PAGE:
● One estimate from BIS Research shows that global pharma companies lose about $200 billion of business a year due to the counterfeiting of drugs2. However, the issues with counterfeit medicines extend beyond pure financials. Fake medicines also present huge dangers for consumers, often tragically impacting the poorest and most vulnerable communities. The industry must do its utmost to protect individuals from these fake pharmaceutical products.
● If the supply chain is completely Autumn 2020
connected via a digitized blockchain-based solution, the counterfeiter will not have the same blockchain tools, and therefore when they tryto enter products into the real supply chain, the product will be unauthenticated.
● Blockchain offers huge potential for preventing counterfeiting and theft by protecting the supply chain at every step of the distribution process through layering and securing data. Using track-and-trace serialization and blockchain throughout the network, a drug and its authenticity can be verified through simple duty matrix code. The product can be checked by wholesaler, distributor or retailer etc, so guarantees are made as to the safety and authenticity of the product. There is no scope for data errors or tampering and no limitation on how long the data is stored, nor how often it is accessed.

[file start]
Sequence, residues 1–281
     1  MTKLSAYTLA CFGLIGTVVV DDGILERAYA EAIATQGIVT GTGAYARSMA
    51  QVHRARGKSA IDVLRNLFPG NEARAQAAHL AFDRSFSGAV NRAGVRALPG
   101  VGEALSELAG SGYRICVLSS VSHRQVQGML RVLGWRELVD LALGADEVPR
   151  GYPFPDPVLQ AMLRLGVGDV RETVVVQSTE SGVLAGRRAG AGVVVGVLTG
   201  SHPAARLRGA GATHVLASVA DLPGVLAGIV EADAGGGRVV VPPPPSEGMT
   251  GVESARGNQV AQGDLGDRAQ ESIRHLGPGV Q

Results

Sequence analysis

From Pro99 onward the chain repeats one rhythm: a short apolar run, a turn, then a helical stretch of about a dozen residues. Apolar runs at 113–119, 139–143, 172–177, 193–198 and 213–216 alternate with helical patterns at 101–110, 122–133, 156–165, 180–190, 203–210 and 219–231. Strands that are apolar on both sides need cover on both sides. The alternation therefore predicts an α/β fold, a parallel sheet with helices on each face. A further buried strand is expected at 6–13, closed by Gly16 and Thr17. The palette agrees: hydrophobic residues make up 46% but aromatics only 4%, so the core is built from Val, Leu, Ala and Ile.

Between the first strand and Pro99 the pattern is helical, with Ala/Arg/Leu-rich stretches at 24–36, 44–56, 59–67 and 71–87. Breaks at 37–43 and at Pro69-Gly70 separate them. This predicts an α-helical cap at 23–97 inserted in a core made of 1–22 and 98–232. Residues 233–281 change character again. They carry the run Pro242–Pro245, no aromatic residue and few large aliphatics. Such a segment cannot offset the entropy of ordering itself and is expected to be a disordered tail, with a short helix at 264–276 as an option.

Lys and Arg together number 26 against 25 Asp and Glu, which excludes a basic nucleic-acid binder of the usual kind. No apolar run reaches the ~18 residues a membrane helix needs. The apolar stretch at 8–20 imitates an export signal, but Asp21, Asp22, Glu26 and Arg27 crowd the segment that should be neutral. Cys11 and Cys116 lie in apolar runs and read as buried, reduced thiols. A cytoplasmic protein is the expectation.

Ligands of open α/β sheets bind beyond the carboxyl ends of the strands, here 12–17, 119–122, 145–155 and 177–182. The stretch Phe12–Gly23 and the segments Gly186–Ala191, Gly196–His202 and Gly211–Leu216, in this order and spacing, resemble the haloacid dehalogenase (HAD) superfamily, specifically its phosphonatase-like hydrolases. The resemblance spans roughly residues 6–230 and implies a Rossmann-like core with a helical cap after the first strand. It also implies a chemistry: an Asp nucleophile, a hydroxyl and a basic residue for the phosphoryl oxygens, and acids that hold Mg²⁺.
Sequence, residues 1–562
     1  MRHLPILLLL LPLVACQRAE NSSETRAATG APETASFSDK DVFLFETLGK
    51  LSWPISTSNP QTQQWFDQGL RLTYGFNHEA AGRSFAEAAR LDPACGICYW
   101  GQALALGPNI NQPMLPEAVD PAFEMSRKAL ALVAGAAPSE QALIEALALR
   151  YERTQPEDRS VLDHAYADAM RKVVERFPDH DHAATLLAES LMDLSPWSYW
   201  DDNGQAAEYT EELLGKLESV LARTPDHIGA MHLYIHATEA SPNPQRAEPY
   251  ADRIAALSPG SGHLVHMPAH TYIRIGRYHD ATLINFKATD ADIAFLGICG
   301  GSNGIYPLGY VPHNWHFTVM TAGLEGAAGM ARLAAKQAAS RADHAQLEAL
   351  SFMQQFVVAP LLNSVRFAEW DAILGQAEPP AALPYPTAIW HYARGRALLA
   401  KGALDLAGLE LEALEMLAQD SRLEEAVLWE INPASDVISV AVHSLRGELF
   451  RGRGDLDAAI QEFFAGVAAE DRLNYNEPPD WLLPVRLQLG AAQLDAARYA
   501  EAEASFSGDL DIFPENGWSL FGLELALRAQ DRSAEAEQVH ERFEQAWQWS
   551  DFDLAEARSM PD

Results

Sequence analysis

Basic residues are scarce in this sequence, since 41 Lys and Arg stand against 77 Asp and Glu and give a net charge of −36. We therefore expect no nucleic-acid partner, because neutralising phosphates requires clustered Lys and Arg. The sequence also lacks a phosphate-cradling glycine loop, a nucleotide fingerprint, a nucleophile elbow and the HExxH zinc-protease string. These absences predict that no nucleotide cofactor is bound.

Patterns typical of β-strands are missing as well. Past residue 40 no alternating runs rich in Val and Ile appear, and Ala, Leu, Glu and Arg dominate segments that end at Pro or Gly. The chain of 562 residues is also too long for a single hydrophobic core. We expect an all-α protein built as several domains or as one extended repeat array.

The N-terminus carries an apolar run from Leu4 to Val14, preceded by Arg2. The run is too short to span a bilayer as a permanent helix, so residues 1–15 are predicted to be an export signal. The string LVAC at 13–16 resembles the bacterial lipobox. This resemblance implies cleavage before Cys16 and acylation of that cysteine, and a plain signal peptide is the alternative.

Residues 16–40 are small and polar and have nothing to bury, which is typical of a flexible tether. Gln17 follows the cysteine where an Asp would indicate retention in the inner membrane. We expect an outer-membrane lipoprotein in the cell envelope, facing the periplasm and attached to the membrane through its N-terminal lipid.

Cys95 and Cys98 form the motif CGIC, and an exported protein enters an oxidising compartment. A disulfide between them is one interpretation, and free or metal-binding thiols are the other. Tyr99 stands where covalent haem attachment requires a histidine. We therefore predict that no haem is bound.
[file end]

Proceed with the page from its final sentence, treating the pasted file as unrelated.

• The integration of blockchain solutions ensures a fully authenticated supply chain, thus guaranteeing product safety, reducing revenue loss due to false products, and improving trust in the company or brand.
In order to fully leverage blockchain in the fight against fake drugs, regulators need to mandate the use of track-and- trace technology and companies need to strongly consider the use of blockchain. The adoption of blockchain technology could save the health care industry up to $100-$150 billion per year by 2025 in data breach-related costs, IT costs, operations costs, support function costs and personnel costs, as well as through a reduction in the incidents of fraud and counterfeit products.3
Blockchain cuts down on the action-reaction process through real-time data communication via the network of nodes. This helps
Pharmaceuticals: Supply Chain Management
businesses counter inefficiency and speed up processes, while generating greater openness and transparency across the supply chain.
Pharmaceutical production: a complex process
The process of creating medicines is incredibly complex. Take, for example, a single capsule. It looks simple, but with global manufacturing and trade, to make a capsule products, machinery and ingredients from all over the world are needed. In ACG Capsules’ supply chain this looks as follows: